Interaction Evokes Reflection: Learning Efficiency in Spatial Visualization
Glenn Smith, State Univ. of New York at Stony Brook, United States
EdMedia + Innovate Learning, in Norfolk, VA USA ISBN 978-1-880094-42-6 Publisher: Association for the Advancement of Computing in Education (AACE), Waynesville, NC
Different levels of interaction in a computer game-like situation were compared as means of learning efficiency on an internet-based spatial visualization task, involving polyomino puzzles. 109 undergraduates were divided among three treatment groups: pilots, who interactively attempted to solve the puzzles; consultants, who watched and talked with pilots without interacting; and co-pilots, who alternated between pilot and consultant roles every 40 seconds, and collaborated. Participants were pre-tested before and post-tested after engaging in the experiment. Repeated measures analyses showed pilots and copilots learned more than consultants. Differences were significant at 0.05. Copilots learned most. These results suggest that alternating between interaction and observation is the best way to learn spatial visualization.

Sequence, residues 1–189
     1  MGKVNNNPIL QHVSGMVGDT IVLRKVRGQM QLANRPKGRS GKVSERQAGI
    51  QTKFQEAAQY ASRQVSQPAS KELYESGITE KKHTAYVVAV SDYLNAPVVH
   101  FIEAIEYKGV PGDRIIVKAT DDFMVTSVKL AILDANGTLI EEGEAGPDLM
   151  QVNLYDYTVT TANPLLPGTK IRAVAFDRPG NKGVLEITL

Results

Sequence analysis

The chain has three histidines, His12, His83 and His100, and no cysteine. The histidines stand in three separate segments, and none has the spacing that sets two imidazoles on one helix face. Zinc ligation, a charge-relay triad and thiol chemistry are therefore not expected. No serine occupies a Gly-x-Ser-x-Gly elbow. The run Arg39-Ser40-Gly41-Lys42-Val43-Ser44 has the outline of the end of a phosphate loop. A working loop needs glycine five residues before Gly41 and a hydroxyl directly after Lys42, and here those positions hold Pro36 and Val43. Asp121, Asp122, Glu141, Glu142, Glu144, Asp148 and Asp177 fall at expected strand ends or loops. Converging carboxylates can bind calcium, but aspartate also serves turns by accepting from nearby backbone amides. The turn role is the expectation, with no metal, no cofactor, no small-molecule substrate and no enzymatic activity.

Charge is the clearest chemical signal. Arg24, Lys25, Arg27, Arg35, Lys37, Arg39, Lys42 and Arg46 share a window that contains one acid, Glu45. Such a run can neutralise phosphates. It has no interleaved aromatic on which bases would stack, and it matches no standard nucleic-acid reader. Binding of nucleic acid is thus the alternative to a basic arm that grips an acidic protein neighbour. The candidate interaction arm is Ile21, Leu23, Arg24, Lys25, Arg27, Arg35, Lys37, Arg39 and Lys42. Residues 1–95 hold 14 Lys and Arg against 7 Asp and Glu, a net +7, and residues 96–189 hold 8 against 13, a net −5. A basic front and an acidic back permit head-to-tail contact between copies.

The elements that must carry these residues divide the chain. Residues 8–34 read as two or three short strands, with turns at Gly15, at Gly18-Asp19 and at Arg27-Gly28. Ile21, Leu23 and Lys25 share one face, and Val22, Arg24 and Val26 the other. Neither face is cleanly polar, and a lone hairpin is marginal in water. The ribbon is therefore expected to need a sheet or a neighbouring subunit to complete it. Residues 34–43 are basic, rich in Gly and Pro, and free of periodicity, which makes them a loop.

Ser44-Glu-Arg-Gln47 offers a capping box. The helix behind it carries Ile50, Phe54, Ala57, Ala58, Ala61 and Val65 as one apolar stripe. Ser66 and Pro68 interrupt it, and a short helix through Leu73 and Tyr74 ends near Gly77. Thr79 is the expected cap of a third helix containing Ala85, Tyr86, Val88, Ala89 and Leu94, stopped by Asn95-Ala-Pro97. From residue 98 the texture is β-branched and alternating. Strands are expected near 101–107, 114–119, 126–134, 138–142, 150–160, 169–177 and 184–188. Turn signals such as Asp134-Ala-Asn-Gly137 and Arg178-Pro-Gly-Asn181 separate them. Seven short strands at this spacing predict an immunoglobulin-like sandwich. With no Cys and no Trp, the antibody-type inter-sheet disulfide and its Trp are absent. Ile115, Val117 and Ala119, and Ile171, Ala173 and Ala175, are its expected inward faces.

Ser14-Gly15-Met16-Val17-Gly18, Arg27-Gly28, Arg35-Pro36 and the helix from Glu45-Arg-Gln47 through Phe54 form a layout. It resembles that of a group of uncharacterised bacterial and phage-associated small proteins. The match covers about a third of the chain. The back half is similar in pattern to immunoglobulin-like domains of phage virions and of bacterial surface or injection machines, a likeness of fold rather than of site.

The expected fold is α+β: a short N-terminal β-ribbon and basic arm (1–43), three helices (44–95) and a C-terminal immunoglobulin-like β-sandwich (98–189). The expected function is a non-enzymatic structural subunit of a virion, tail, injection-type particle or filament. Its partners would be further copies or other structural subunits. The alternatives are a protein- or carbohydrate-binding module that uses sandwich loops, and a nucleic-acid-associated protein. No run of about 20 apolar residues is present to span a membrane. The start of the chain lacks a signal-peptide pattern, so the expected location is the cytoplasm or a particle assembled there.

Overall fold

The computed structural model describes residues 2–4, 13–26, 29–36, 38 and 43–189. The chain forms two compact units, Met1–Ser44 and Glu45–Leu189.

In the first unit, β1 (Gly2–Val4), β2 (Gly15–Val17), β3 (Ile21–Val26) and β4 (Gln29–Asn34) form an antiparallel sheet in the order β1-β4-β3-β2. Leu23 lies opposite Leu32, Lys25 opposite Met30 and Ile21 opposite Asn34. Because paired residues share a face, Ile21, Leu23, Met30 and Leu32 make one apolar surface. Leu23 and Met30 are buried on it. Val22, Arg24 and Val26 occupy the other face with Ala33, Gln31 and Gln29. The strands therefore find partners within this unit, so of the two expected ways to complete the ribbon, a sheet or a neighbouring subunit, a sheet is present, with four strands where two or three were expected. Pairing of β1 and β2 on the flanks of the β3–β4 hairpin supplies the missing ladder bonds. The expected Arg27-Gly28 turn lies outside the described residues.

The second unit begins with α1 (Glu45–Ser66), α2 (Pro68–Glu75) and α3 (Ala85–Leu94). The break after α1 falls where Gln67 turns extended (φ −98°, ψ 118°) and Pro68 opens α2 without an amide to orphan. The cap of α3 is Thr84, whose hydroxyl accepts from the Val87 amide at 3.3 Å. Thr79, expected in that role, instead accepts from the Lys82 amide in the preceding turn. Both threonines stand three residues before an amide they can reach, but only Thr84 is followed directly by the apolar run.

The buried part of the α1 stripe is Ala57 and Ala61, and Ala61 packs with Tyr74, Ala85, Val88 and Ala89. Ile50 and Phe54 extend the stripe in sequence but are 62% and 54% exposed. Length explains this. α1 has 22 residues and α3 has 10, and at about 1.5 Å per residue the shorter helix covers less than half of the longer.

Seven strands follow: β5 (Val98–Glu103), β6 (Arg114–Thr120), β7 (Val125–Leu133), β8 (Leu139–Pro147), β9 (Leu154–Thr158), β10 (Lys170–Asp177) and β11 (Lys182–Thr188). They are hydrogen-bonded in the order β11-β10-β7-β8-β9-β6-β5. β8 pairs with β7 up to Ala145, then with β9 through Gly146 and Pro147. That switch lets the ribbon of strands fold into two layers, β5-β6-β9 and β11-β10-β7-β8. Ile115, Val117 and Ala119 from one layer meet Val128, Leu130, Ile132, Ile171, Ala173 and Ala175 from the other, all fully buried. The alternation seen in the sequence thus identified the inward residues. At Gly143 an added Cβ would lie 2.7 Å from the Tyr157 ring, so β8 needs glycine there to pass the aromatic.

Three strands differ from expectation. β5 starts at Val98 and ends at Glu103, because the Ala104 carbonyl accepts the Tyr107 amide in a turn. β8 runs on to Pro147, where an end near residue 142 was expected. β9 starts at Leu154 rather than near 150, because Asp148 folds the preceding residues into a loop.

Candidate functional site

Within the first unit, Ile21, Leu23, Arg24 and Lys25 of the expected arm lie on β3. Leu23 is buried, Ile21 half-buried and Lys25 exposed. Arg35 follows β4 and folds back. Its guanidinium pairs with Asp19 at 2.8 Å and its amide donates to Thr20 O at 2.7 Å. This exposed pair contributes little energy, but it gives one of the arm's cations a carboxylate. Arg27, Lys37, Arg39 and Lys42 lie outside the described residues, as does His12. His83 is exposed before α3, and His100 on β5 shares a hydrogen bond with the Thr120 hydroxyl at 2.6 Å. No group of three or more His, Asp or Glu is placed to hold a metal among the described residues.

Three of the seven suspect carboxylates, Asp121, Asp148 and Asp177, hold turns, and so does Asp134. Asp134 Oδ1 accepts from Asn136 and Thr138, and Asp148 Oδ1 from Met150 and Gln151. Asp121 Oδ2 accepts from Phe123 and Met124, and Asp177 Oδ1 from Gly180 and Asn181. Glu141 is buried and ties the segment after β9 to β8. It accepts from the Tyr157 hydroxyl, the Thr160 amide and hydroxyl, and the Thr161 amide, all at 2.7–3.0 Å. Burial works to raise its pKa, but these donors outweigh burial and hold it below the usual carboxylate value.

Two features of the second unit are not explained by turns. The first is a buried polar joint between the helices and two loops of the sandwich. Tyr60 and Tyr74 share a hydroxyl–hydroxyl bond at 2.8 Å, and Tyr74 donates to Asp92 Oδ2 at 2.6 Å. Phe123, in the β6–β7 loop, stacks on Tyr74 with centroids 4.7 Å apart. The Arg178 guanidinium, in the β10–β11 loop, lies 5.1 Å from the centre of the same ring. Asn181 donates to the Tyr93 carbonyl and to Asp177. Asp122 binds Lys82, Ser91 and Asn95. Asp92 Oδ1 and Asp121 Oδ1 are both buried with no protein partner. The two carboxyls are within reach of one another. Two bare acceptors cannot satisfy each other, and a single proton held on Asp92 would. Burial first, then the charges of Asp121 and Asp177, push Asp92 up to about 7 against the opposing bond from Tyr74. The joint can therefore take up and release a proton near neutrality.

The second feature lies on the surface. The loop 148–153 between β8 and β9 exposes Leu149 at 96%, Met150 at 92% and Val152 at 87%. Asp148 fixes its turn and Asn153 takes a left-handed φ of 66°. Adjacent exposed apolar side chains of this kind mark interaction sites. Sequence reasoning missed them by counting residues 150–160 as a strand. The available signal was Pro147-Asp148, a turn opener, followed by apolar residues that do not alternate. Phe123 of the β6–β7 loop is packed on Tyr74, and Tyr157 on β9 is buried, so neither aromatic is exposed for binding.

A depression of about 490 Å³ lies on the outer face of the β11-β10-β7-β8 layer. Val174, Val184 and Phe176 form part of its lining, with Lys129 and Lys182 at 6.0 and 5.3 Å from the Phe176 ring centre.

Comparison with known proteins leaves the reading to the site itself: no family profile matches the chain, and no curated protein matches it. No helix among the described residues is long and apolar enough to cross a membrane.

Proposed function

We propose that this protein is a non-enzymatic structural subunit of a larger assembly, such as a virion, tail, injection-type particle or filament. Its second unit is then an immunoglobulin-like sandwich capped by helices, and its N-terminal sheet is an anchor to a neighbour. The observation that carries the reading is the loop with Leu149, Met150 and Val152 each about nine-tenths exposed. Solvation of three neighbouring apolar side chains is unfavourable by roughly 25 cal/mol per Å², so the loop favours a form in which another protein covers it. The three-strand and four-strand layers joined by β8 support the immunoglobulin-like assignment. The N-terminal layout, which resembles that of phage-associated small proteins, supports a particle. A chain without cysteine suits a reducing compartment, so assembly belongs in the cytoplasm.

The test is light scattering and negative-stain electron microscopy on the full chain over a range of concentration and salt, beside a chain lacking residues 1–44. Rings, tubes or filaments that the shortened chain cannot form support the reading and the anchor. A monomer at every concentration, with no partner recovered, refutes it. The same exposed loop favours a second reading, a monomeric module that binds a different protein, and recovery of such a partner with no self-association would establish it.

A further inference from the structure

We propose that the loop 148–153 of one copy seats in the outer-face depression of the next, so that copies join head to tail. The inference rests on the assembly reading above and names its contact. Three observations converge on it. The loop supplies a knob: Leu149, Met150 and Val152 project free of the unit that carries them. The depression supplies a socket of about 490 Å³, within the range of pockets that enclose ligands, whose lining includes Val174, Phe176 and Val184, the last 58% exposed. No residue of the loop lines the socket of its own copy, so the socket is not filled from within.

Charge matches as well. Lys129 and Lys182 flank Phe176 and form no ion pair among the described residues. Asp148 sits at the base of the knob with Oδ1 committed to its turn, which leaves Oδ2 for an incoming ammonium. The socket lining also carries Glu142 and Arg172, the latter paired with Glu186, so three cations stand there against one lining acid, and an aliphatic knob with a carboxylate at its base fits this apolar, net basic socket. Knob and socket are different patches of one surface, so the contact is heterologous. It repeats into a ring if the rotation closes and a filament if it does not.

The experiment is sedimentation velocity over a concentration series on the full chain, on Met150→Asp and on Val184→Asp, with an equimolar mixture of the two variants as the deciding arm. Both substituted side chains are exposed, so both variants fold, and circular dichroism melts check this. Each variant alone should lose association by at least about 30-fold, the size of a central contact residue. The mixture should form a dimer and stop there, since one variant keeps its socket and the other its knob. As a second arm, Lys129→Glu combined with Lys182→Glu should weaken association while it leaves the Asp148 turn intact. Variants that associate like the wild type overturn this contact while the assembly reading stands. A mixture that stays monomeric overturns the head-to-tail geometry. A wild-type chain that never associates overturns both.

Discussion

Smith, G. (2001). Interaction Evokes Reflection: Learning Efficiency in Spatial Visualization. In C. Montgomerie & J. Viteli (Eds.), Proceedings of ED-MEDIA 2001--World Conference on Educational Multimedia, Hypermedia & Telecommunications (pp. 1755-1760). Norfolk, VA USA: Association for the Advancement of Computing in Education (AACE).
© 2001 Association for the Advancement of Computing in Education (AACE)
Cited ByView References & Citations Map
The Squares Family: A Game and Story based Microworld for Understanding Arithmetic Concepts designed to attract girls.
Lena Pareto, University of Trollhättan/Uddevalla, Sweden
EdMedia + Innovate Learning 2004 (2004) pp. 1567–1574
These links are based on references which have been extracted automatically and may have some errors. If you see a mistake, please contact firstname.lastname@example.org.